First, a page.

Two-Step Testing Helps Predict and Treat Recurrent C difficile Infection


This study explores the effectiveness of toxin testing in predicting Clostridioides difficile infection (CDI) outcomes, revealing that patients with negative toxin results were less likely to experience CDI recurrence within 30 days.

This article was originally published on Contagion Live. It has been lightly edited.

Clostridioides difficile is a bacterium that can cause life-threatening diarrhea and disease in individuals with dysbiosis of the gut microbiota. The CDC estimates there are close to half a million C difficile infections (CDIs) each year in the United States alone.

Risk factors for severe or fatal CDI include age 65 years or older, a current or recent hospital or nursing home stay, a weakened immune system, and/or a previous CDI. Rapid testing and treatment implementation is the best way to increase the odds of survival in these at-risk individuals and the overall population.

Polymerase chain reaction (PCR) testing is highly sensitive for C difficile detection. Additionally, some clinical laboratories have implemented a 2-step testing algorithm, consisting of a PCR test and toxin enzyme immunoassay (EIA) to ensure proper diagnosis.

One study, published in Infection Control & Hospital Epidemiology, sought to determine the risk factors and outcomes of C difficile PCR positive/toxin-positive patients compared to PCR-positive/toxin-negative patients. The study’s primary outcome was the frequency of CDI treatment initiation.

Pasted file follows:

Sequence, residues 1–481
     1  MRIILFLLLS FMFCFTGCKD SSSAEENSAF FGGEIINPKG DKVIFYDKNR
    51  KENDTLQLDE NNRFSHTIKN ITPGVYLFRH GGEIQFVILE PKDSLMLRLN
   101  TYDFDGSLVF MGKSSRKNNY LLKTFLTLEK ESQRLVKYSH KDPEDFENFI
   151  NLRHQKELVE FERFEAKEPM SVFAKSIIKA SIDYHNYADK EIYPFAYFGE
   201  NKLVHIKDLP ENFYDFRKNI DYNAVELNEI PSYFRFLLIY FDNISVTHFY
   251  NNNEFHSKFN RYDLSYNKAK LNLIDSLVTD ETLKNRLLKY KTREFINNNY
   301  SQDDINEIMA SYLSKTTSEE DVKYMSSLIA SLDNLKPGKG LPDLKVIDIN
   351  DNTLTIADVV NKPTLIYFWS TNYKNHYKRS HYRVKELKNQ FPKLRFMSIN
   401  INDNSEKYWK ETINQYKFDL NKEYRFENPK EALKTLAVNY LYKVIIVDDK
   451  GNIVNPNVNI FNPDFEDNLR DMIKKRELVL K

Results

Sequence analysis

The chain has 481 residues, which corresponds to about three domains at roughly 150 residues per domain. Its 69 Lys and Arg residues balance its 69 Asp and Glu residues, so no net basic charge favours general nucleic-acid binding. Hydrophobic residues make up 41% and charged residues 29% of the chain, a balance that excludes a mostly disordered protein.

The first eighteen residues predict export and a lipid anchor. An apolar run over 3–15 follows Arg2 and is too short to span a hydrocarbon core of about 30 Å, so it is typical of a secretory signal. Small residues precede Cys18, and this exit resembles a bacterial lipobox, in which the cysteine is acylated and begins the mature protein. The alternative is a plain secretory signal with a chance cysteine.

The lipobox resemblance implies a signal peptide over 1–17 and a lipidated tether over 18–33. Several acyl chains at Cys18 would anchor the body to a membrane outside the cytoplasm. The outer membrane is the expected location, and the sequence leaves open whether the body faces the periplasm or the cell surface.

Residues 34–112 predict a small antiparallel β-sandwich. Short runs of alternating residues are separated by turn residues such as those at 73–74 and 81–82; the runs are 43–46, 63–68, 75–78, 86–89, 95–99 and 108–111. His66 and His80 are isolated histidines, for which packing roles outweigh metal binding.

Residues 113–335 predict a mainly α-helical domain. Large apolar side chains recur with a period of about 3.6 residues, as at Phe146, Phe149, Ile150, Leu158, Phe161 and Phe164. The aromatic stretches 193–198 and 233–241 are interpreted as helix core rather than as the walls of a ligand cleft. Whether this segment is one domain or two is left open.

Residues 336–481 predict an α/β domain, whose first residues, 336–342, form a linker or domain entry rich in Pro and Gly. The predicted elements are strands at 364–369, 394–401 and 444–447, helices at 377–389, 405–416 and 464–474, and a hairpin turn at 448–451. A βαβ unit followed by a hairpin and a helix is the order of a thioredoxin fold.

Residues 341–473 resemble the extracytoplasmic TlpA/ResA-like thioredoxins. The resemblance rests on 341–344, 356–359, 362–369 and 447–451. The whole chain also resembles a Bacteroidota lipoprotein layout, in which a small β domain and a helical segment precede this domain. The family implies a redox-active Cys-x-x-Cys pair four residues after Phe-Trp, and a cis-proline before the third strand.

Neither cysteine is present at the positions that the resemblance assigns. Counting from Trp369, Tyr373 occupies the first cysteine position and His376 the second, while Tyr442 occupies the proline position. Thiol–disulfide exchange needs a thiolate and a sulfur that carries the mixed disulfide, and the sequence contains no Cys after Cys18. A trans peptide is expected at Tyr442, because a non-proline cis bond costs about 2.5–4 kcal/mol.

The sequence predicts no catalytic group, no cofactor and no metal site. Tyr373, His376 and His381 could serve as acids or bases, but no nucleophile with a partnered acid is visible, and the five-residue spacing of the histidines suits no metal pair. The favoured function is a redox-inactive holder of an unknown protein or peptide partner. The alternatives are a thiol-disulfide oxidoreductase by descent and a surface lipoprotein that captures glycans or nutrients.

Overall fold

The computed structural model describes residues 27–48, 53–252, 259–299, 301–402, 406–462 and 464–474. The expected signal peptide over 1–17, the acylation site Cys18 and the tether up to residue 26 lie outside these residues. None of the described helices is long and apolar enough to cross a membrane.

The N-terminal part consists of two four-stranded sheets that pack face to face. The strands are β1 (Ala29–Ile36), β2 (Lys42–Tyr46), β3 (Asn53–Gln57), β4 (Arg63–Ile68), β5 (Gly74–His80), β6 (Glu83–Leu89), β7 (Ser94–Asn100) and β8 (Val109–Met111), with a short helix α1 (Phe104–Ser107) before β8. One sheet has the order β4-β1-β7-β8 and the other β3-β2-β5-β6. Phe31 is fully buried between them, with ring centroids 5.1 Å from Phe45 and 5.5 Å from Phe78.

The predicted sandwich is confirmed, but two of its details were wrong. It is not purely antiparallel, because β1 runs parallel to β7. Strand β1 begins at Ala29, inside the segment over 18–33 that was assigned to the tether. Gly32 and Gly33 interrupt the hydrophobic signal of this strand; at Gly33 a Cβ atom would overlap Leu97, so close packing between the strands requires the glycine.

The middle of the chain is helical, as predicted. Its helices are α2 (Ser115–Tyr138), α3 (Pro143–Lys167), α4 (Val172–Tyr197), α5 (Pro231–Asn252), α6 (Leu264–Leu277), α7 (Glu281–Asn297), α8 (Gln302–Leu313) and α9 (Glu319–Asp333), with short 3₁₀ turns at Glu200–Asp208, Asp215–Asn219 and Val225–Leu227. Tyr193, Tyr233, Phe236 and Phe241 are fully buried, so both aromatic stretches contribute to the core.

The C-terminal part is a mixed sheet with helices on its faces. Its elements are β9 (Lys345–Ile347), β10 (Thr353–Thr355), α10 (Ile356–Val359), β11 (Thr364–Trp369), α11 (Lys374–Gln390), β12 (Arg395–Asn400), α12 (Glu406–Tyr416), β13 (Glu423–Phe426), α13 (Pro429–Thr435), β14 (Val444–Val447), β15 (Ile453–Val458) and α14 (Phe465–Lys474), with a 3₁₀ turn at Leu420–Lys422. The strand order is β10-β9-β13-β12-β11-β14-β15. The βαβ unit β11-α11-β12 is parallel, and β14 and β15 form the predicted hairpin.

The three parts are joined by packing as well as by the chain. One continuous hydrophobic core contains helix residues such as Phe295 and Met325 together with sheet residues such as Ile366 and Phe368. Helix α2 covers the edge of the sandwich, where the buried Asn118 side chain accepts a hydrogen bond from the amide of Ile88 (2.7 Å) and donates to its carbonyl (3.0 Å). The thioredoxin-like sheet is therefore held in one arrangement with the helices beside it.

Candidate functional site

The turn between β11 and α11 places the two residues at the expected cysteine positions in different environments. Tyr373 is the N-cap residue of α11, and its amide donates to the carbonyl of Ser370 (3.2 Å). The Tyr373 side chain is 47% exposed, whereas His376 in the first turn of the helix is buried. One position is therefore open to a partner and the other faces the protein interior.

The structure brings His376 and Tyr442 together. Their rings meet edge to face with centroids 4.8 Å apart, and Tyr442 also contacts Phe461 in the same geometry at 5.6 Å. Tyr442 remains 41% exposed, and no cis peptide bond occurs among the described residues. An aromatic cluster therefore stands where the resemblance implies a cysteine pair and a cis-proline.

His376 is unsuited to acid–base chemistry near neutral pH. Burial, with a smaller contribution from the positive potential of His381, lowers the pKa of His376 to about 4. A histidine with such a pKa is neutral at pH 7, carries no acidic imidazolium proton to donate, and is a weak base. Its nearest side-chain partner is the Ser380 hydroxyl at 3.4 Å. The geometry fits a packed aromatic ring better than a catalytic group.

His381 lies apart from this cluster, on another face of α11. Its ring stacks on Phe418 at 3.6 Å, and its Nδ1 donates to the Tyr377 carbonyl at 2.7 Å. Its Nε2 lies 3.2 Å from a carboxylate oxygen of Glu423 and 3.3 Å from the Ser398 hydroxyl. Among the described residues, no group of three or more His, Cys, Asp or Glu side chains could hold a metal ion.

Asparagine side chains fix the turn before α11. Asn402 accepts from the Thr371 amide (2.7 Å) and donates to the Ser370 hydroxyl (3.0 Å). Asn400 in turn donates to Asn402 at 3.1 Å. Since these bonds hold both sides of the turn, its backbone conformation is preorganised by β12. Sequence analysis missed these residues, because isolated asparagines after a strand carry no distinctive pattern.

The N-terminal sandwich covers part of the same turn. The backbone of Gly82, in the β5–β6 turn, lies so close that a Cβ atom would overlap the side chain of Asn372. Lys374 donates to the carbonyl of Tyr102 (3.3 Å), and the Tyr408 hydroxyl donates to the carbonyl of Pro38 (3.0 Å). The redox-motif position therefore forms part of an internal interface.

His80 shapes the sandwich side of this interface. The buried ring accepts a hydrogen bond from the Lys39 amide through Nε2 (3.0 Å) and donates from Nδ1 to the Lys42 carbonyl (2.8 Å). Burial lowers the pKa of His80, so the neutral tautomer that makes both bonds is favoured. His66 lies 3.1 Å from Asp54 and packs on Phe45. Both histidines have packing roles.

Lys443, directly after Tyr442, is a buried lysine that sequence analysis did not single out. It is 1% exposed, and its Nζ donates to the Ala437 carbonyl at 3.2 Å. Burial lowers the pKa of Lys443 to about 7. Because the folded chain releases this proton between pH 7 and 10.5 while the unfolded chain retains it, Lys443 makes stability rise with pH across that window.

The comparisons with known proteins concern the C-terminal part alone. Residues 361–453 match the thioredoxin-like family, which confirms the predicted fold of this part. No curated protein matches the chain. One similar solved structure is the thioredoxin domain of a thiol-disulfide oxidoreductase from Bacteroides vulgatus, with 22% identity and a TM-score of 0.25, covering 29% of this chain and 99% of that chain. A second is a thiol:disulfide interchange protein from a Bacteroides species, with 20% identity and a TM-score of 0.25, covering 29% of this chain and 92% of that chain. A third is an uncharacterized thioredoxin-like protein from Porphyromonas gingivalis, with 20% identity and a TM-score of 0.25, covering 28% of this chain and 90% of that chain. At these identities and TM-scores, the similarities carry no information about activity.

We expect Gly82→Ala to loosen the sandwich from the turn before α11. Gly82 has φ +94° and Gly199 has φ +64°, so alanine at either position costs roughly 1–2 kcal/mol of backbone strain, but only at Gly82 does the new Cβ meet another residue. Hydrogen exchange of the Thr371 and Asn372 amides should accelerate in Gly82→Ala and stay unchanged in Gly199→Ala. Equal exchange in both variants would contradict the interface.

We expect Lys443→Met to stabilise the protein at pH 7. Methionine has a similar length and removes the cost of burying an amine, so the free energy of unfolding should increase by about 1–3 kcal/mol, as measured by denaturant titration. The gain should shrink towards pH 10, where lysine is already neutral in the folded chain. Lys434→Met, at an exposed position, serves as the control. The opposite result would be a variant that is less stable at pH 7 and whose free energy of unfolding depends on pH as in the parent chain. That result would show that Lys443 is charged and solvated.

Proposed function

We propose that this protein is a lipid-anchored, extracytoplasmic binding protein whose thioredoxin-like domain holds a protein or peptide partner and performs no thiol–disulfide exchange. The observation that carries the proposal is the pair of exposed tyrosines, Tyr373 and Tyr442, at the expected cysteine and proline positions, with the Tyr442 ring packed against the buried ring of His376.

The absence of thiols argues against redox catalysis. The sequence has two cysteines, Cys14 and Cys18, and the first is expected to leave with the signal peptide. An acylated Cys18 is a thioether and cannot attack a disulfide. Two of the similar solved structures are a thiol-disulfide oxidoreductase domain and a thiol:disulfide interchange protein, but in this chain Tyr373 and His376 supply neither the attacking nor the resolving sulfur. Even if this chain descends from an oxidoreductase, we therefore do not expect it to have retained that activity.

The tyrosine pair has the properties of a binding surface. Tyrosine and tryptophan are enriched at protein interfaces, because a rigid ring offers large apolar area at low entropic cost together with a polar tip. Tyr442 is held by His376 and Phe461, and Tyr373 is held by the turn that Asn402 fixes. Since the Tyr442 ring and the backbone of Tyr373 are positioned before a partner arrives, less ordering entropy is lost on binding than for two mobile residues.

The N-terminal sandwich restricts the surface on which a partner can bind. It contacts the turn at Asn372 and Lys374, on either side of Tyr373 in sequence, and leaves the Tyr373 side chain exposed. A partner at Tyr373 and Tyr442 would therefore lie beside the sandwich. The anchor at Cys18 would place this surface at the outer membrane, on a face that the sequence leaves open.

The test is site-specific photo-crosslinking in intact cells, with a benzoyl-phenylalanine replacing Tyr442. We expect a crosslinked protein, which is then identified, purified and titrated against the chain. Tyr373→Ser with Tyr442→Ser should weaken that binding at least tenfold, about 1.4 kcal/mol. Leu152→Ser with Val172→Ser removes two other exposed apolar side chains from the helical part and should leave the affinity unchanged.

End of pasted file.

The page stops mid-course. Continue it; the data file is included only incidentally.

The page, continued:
The retrospective case-control study was conducted at a Veterans Affairs hospital. Included patient encounters had a positive C difficile PCR test and either a toxin EIA-positive assay (confirmed cases) or toxin EIA-negative assay (controls). Available encounter stool specimens were cultured for C difficile and restriction endonuclease analysis (REA) strain typing was performed. At 30 days, the investigators assessed CDI recurrence according to clinically relevant exposures and risk factors.

Among 130 C difficile PCR-positive patient encounters, the investigators determined 61.5% (n = 80) were toxin EIA negative and 38.5% (n = 50) were toxin EIA positive. Toxin-positive patents were tested more frequently (96.0%) than the toxin-negative patients.

Multivariable logistic regression modelling revealed that toxin-negative patients were less likely to experience a recurrent CDI episode within 30 days (odds ratio [OR], 0.20, 95% CI, 0.05–0.83). A higher C difficile PCR cycle threshold also predicted a lower risk of CDI recurrence at 30 days (OR, 0.82; 95% CI, 0.68-0.98).

Notably, during the study period, the REA group Y strain accounted for most toxin-negative patient encounters (32.5%; P = .05), while REA group BI strain accounted for most toxin-positive encounters (24.3%; P = .02).

CDI treatment was initiated in 99% of patients according to the 1-step method and in 79% of patients subjected to the 2-step method. The investigators determined that the testing strategy of PCR plus toxin EIA was a helpful predictor of recurrent CDI.


Crone AS, Wright LM, Cheknis A, Johnson S, Pacheco SM, Skinner AM. Characteristics and outcomes of Clostridioides difficile infection after a change in the diagnostic testing algorithm. Infect Control Hosp Epidemiol. Published online July 18, 2023. doi:10.1017/ice.2023.145

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